Fluoroscopy-guided umbilical venous catheter placement

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“The objective of this study was to (1) describe the technical aspects of fluoroscopy-guided umbilical venous catheter placement (FGUVCP); and (2) determine the procedural success rate, factors contributing to procedural failure, and risks of the procedure.” DeWitt et al (2014).

Reference:

DeWitt, A.G., Zampi, J.D., Donohue, J.E., Yu, S. and Lloyd, T.R. (2014) Fluoroscopy-guided Umbilical Venous Catheter Placement in Infants with Congenital Heart Disease. Congenital Heart Disease. November 17th. [epub ahead of print].

Abstract:

OBJECTIVE: The objective of this study was to (1) describe the technical aspects of fluoroscopy-guided umbilical venous catheter placement (FGUVCP); and (2) determine the procedural success rate, factors contributing to procedural failure, and risks of the procedure.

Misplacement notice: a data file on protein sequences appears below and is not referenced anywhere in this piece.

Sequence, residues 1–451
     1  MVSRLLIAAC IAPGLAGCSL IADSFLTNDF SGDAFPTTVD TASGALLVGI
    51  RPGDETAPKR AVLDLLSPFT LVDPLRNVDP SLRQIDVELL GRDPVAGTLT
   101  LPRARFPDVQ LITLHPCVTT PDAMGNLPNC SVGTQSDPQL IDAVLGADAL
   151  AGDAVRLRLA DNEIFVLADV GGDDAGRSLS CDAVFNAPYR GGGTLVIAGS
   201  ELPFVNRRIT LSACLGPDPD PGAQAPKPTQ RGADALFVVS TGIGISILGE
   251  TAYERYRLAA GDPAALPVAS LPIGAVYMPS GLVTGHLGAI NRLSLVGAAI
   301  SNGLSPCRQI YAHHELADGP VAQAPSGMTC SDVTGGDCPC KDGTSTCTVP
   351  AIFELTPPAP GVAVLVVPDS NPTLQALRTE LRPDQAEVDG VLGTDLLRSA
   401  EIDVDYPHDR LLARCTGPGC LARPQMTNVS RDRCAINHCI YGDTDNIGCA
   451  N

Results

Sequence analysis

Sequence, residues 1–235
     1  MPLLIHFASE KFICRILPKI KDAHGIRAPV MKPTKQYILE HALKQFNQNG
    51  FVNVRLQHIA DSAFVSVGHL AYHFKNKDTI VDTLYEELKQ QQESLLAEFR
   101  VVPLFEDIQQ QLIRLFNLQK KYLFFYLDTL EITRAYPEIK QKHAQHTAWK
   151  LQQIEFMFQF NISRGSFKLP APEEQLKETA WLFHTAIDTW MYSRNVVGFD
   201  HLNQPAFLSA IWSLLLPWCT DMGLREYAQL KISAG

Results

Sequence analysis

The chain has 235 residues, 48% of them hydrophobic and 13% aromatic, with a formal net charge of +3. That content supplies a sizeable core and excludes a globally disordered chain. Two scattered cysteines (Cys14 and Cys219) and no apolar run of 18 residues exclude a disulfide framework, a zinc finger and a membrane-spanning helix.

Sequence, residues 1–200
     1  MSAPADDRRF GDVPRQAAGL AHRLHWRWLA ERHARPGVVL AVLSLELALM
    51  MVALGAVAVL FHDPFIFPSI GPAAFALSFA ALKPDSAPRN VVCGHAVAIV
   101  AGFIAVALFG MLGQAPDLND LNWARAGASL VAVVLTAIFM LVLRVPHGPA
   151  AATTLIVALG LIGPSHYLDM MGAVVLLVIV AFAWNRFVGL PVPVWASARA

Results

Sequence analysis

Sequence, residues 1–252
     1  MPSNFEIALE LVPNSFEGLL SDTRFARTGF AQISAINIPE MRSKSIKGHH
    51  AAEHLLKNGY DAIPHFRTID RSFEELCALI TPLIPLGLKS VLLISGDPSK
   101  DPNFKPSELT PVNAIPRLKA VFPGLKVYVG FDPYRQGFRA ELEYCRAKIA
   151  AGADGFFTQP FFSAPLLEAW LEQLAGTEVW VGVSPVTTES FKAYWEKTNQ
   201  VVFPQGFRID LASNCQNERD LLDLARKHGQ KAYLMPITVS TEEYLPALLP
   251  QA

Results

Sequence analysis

BACKGROUND: Umbilical venous catheters are advantageous compared with femoral venous access, but can be difficult to place at the bedside.

MATERIALS AND METHODS: This was a retrospective chart review from a single tertiary care referral institution.

RESULTS: FGUVCP was successful in 138 of 180 patients (76.7%) over a seven-year period. Patients in whom FGUVCP was successful were younger at the time of procedure compared with patients in whom FGUVCP was unsuccessful (median 18.2 vs. 22.2 hours, P = .03). The optimal age cutoff to predict FGUVCP success was 20 hours with a high positive predictive value (82.4%) but low negative predictive value (32.5%). No other variables were associated with procedural failure, though functional univentricular heart and older gestational age trended toward statistical significance. Median radiation time, contrast exposure, and blood loss were 3.2 minutes, 1 mL, and 1 mL, respectively. A total of 10 complications in 10 patients were associated with FGUVCP.

CONCLUSIONS: FGUVCP is a safe and highly successful way to obtain central venous access in neonates with congenital heart disease. Older age at the time of procedure is associated with procedural failure, but utilization of an age cutoff may not be clinically useful.

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